Originally published on Wed October 17, 2012 11:05 am
You may have noticed that the NPR LinkedIn page is looking a little different this week. The networking site recently made updates to their Company Pages, offering organizations like NPR an opportunity to add some more personality to their page.
So NPR incorporated some fresh new elements, improving the insights, information, graphics and regular career-related updates using LinkedIn's new layout. Check it out now, and let us know what you think!
Originally published on Wed November 14, 2012 3:01 pm
Hailed as a "legend in the making" by guest DJ Ali Shaheed Muhammad, experimental producer Flying Lotus — born Steven Ellison — came to New York City's (Le) Poisson Rouge Wednesday night to drive the point home. Even if you're a fan of his albums, it's hard to know what to expect from Flying Lotus' live show, as he tends toward mellow sounds on record but is often lively and unpredictable in concert.
Originally published on Thu October 4, 2012 3:26 pm
When listening to Diana Krall's fun, smart new recording Glad Rag Doll, it's helpful to consider a question recently posed by Gyp Rosetti, the sensitive psychopath lending sparks to this season of HBO's Prohibition-era series Boardwalk Empire.
While he was attending Columbia University in New York City, Barack Obama's maternal grandparents — Stanley and Madelyn Dunham — visited him there. The president lived with them in Hawaii for much of his youth.
Credit Reuters /Landov
The Twitter reaction to the offensive tweet and KitchenAid's response.
Originally published on Thu October 4, 2012 5:00 pm
Appliance maker KitchenAid quickly deleted and apologized for a message that went out on its Twitter account during last night's presidential debate because the comment about President Obama and his grandmother was so offensive.
The comment writer — who has not been identified — picked up on the president's mention of his grandmother and tweeted that:
"Obamas gma even knew it was going 2 b bad! 'She died 3 days b4 he became president'."
I'm Michel Martin and this is TELL ME MORE from NPR News. Film goers will remember Oscar-nominated director Lee Daniels for his provocative 2009 drama "Precious," which was based on the novel "Push" by Sapphire. It was an often grim, but also inspiring, story of an obese, illiterate, abused black teenaged mother who eventually finds a way to overcome her many challenges.
And now it's time for the occasional series we call In Your Ear. That's where guests of our program tell us about songs they listen to for a little inspiration. Today, we are hearing from Clara Ma. She won an essay contest when she was 12, which earned her the right to name NASA's Mars rover. She called it "Curiosity." And here's what's playing in her ear.
(SOUNDBITE OF SONG, "I WANT THE SKY")
CLARA MA: My name is Clara Ma, and this is what's playing in my ear.
Originally published on Thu October 4, 2012 11:56 am
Full confession: This blogger is much more of a Star Trek: The Next Generation fan than a Star Wars junkie. But as long as you fall somewhere along the spectrum of sci-fi geekdom, you'll probably think these pictures are pretty cool.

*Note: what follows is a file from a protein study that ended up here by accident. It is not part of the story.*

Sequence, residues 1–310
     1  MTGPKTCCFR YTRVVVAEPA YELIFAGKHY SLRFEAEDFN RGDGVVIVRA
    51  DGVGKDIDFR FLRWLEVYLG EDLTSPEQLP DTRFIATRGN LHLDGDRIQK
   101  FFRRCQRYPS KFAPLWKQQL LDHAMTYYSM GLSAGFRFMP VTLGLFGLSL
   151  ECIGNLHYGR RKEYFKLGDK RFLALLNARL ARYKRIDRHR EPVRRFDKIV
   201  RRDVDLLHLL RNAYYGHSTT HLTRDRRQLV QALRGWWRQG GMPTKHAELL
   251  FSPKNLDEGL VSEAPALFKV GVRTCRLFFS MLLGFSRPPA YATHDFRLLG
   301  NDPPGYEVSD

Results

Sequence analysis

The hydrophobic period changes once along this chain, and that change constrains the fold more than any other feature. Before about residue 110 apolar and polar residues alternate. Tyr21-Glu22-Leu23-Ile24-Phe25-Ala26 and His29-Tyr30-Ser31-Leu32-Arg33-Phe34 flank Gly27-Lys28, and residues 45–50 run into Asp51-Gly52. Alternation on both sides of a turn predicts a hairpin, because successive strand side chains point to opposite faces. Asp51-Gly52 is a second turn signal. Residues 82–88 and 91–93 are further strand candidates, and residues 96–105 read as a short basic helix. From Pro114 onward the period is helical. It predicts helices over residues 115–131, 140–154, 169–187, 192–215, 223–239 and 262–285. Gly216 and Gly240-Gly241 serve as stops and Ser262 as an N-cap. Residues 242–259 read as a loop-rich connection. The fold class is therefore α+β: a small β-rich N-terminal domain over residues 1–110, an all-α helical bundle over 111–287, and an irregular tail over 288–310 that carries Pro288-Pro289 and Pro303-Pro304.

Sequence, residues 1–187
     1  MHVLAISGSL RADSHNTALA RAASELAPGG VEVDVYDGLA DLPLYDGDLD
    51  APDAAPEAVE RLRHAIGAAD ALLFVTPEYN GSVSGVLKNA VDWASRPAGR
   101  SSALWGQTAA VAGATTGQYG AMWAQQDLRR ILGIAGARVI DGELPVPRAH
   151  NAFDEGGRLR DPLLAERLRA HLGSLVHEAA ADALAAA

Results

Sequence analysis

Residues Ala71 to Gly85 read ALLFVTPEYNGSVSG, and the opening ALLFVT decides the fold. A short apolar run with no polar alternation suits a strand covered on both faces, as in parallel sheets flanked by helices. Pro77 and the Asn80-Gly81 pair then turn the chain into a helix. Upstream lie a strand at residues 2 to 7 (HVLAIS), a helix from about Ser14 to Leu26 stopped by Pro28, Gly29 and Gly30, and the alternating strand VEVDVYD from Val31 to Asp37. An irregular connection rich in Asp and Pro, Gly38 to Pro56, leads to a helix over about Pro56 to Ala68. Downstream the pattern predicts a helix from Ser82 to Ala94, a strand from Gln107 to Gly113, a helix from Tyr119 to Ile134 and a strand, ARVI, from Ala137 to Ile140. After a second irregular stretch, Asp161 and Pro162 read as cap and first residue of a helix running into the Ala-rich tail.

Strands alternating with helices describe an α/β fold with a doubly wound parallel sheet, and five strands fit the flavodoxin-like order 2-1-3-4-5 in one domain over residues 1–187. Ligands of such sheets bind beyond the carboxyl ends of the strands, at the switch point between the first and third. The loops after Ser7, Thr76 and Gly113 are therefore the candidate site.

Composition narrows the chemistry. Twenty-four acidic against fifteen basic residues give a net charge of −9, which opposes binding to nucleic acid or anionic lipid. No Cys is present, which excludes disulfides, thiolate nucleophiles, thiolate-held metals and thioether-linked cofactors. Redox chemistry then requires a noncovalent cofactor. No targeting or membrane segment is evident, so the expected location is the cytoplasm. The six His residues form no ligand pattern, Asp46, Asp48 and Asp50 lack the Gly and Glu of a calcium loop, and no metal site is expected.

Originally published on Thu October 4, 2012 6:43 pm
If you think substance trumps style, the analysis of last night's presidential debate might come as a shock. There seems to be a lot more talk today about things like temperament and facial expressions than the facts.
Here's a sampling of opinion:
Writing in Forbes, Frederick E. Allen says President Obama "looked defensive and uncertain," while GOP challenger Mitt Romney "may have said things that were clearly untrue ... but he said them convincingly."
Originally published on Thu October 4, 2012 7:27 pm
High profile labor disputes aren't just for professional sports. While the NHL and the hockey players try talking/not talking and the NFL refs are (thankfully) back after their successful contract agreement, some major orchestras are hoping for breakthroughs.
Chicago-based journalist Catalina Maria Johnson hosts the 15th installment of World Cafe's Latin Roots music series. Johnson writes in Spanish and English for publications such as HOY, Revista Contratiempo, Gozamos and Nat Geo Music, and is a radio personality and host/producer for the radio program Beat Latino, which airs in Chicago, Mexico City and Berlin.
Originally published on Fri October 5, 2012 9:11 am
In an essay titled "How to be Gay" written for the review section of The Chronicle of Higher Education last month, David M. Halperin offered this provocative passage:
"Same-sex desire alone does not equal gayness. 'Gay' refers not just to something you are, but also to something you do. Which means that you don't have to be homosexual in order to do it. ... In short, it is a practice. And if gayness is a practice, it is something you can do well or badly."
Every high-school show deals with the same problem — even if with Beverly Hills, 90210-like leisure — if it lasts long enough: What now?
Most often, as on 90210, everyone mysteriously goes off to the same college that doesn't exist. Sometimes, as on Friday Night Lights, the show follows some of the kids further but also toughens up and freshens the cast.
Originally published on Fri October 5, 2012 1:17 pm
During the presidential debate last night, President Barack Obama and Mitt Romney talked about their ideas to grow the economy. Here's how what they said matches up with our economist-approved presidential platform:
The bottom line: This doesn't mark any significant change in the jobs market, especially considering the "4-week moving average was 375,000, unchanged from the previous week's revised average." That figure is a better measure of labor market trends.